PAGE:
"On the one hand, they say we are primitive, even tell us we are not real Jews, and on the other hand they get all excited about our artwork," she explained. "Not everyone. But there are people who have bought my artwork, even turned around and sold it for up to seven times what they paid, and all the while looked down at me as stupid and worthless."
In a conversation with Avital Armoni, the owner of Armoni’s Art, Tazazo’s claims ring true. Among its other art products, Armoni’s company makes magnetic prints of Ethiopian Israeli embroideries — a popular and seemingly lucrative sales item. Though her company profits from the work of Ethiopian Israeli artists, Armoni makes a point of asserting that Ethiopian Jews "are not really Jewish."
In addition to facing battles over their identity, Ethiopian Israeli artists are facing tremendous financial hardships. The Ethiopian community is reportedly the hardest hit by Israel’s economic crisis, and out of desperation for money, many artists tolerate exploitation.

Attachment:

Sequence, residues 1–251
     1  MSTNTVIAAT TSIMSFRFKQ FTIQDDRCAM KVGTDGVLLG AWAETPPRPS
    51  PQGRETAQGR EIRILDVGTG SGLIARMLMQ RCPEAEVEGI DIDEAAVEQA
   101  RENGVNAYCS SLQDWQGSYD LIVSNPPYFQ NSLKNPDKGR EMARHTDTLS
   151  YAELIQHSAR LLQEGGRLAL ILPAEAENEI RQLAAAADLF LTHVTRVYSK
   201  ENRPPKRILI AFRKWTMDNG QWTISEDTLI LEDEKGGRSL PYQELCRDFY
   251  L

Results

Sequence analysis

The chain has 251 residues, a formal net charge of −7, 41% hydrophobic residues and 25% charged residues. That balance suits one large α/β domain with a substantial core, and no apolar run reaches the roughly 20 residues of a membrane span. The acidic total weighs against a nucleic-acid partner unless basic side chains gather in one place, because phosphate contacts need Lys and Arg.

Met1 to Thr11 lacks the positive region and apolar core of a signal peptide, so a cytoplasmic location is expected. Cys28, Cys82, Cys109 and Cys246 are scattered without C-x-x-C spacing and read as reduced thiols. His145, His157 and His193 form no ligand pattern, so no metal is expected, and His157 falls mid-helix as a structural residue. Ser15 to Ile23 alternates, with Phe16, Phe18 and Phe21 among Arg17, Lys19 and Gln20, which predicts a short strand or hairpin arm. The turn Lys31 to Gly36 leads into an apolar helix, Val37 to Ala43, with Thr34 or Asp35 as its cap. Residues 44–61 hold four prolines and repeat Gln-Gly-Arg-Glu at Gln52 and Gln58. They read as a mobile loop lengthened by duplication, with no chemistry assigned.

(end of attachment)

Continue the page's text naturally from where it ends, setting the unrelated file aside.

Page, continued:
Others turn to Bahalachin for help.
"Our dream is to create a big center in Jerusalem," Akele said in response to the numerous requests he receives. "There are very many talented artists … we just need the framework to support and develop them." That framework, he noted sadly, takes the financial resources not coming to Bahalachin during these hard times.
As an upshot, while the artwork of Ethiopian Jews is enjoying financial success and mainstream acceptance, Ethiopian Israeli artists are struggling for respectful recognition, economic empowerment and self-representation. Ironic though it may seem, art has always been ahead of its time.
Loolwa Khazzoom (
7 Days In Arts
Valley Festival Draws Thousands